Deborah Hill Cone: Better to give, not just receive

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Single-minded focus on retrieving the client's money isn't best for the economy.

Deborah Hill Cone.
Deborah Hill Cone.

Last week I wrote a column slagging off the gentry of Canterbury. Great timing. So this week I am playing it safe with an easy target. Let's hear it for receivers.

The Westin was a fine hotel. I used to really like staying there. (There is nothing more raunchy-feeling than going to stay for the night in a hotel in your home city.) When I heard the Westin was being partially closed because of a dispute between room owners and the receiver, Michael Stiassny, I was very disappointed. Surely, there could have been some way to do a deal that would have kept the hotel open?

But receivers have an incredibly tight remit. They are just there to get their clients - usually a big trading bank and in the Westin's case the Bank of Scotland International - their money back. They don't have to give too much of a toss about the bigger picture. In fact, they are probably deemed better at their job if they don't.

And when it comes to being single minded in the pursuit of this goal, Stiassny is a robot.

I think it is fair to say Stiassny is not known for his cuddly consultative style. Just ask John Goulter, Tony Gibbs and Greg Muir, who dramatically departed the Vector board in 2006 saying they couldn't work with him.

Stiassny is a big swinging dick in the whole receivership scene in New Zealand. He has been receiver of Tasman Pacific Airlines, the Central North Island Forestry Partnership and is the chairman of Vector and the Racing Board. His company KordaMentha was even advising the Government about South Canterbury Finance before its collapse - although I don't know what their advice was.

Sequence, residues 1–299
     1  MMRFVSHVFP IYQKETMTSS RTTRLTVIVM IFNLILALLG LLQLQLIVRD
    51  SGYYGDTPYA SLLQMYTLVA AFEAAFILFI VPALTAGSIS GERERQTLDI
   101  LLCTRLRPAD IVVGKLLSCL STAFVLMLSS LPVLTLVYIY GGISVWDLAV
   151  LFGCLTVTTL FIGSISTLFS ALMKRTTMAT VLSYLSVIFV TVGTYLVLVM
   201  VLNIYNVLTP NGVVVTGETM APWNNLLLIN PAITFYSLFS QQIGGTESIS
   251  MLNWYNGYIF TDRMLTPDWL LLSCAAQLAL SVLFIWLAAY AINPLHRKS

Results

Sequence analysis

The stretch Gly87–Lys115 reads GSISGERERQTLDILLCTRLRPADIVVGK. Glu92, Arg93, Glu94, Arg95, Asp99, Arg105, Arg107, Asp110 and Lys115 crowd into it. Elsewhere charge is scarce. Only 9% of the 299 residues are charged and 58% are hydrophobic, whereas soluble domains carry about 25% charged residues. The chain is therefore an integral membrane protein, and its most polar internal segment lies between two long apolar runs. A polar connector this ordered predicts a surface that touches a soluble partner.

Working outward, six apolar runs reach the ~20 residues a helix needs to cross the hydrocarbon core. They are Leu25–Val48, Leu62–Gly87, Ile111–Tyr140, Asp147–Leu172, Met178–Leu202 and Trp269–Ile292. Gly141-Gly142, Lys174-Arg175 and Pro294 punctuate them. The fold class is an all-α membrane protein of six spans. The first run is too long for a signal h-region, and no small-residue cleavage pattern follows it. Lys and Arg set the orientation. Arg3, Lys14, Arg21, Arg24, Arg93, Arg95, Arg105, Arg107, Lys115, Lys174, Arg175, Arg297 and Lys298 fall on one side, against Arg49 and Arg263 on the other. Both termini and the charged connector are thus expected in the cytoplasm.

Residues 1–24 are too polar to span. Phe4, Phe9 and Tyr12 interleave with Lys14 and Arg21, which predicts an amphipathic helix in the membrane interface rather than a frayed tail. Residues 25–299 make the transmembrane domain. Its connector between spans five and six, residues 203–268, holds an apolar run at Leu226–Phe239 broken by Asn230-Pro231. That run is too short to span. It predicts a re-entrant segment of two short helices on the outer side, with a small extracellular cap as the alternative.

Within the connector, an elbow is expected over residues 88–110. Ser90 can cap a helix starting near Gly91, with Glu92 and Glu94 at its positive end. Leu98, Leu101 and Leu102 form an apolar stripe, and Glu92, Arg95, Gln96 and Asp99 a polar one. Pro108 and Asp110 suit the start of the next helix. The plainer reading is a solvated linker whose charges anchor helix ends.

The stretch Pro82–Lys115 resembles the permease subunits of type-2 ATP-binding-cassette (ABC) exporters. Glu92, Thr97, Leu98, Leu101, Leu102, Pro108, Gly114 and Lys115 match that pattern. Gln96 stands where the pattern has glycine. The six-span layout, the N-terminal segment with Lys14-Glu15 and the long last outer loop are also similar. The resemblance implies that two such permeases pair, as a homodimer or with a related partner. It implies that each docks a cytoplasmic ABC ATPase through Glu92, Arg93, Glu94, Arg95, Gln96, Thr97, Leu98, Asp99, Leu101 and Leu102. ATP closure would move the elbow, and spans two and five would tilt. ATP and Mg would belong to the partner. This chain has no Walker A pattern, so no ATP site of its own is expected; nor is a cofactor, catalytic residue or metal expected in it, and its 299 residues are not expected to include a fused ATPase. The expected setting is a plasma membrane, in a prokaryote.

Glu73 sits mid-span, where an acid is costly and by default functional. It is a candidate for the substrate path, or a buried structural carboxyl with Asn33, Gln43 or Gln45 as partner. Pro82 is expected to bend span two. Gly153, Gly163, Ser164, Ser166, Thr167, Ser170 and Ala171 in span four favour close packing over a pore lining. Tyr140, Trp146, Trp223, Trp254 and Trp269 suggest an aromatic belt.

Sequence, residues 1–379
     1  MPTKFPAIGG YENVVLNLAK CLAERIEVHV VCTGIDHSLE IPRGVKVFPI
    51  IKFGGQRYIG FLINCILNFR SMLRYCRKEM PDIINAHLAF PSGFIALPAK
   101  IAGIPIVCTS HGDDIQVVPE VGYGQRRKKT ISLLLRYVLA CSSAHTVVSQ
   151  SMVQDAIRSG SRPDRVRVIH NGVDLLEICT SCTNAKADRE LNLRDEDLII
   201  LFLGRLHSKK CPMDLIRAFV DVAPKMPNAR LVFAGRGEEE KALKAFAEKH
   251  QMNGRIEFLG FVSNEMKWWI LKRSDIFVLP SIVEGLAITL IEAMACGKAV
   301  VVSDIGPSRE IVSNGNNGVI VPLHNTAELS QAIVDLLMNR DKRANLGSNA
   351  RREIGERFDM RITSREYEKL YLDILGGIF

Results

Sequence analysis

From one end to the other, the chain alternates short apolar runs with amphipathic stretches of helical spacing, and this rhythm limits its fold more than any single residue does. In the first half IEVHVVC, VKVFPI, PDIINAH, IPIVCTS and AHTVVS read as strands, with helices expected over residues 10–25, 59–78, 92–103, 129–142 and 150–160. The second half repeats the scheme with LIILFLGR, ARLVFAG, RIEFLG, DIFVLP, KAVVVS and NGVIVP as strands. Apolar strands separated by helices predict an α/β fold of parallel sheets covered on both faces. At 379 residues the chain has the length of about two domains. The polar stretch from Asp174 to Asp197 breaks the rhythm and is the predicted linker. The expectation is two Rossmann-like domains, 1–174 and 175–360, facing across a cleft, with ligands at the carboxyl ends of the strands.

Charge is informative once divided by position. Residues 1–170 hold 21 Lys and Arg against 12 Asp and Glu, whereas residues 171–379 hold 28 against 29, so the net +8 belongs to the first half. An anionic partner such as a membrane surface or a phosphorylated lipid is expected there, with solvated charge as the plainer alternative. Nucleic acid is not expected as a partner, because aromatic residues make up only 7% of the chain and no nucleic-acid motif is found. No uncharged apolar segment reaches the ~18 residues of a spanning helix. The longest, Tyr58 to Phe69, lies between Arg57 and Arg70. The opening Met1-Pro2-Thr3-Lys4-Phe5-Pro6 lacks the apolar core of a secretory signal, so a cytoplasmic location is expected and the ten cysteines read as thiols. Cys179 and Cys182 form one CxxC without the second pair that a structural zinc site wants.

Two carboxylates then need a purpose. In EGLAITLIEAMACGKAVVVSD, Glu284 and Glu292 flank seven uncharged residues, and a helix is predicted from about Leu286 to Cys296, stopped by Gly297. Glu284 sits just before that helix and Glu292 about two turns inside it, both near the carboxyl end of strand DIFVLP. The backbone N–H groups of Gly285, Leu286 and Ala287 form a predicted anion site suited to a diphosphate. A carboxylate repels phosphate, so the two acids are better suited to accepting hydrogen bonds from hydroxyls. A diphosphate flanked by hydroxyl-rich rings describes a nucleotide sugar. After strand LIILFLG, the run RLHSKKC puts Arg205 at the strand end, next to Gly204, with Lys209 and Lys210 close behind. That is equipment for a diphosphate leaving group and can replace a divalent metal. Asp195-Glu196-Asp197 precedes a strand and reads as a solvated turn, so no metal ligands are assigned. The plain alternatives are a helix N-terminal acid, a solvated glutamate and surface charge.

I'm not sure he will mind me saying he is a machine. He might even like it. He certainly doesn't get his A-list jobs for his interpersonal skills; he has a habit of taking phone calls in the middle of meetings just in case you don't realise just what a titan he is. Of course I don't think the problem with receivers is a personal thing that one can lay at the door of Stiassny. (The poor guy has had to deal with being hounded by an obsessive campaigner, Vince Siemer - a "maverick publisher" as the gentlemanly NBR describes him.)

The problem with receivers is just the way the system works. But the financial world has been through such upheaval and so much has had to change, surely it is time to reconsider whether this system ought to be rethunk too.

There are receivers who see themselves more like cleaners than undertakers. Good on them. If they take this more enlightened view, though, they are letting themselves in for a lot more work. It is much quicker and easier to just shut something down than try to pick through the mess and resurrect what is salvageable. But it can be done. The receiver of the - hate this word - iconic NZ brand Canterbury did a complicated deal to keep part of the business going.

But it is so much easier to take a chainsaw to the garden than do some painstaking weeding and nurturing. Our fragile economy is too munted for us to just chuck value away when companies fall over. We need to rescue whatever we can, even if that is a lot harder and more annoying, and big trading banks have to wait a little bit longer for their cut.

We need a system that creates receivers who are uncompromising because they are determined to rescue what is salvageable, not just tough because they are bank 'bots.

- NZ Herald

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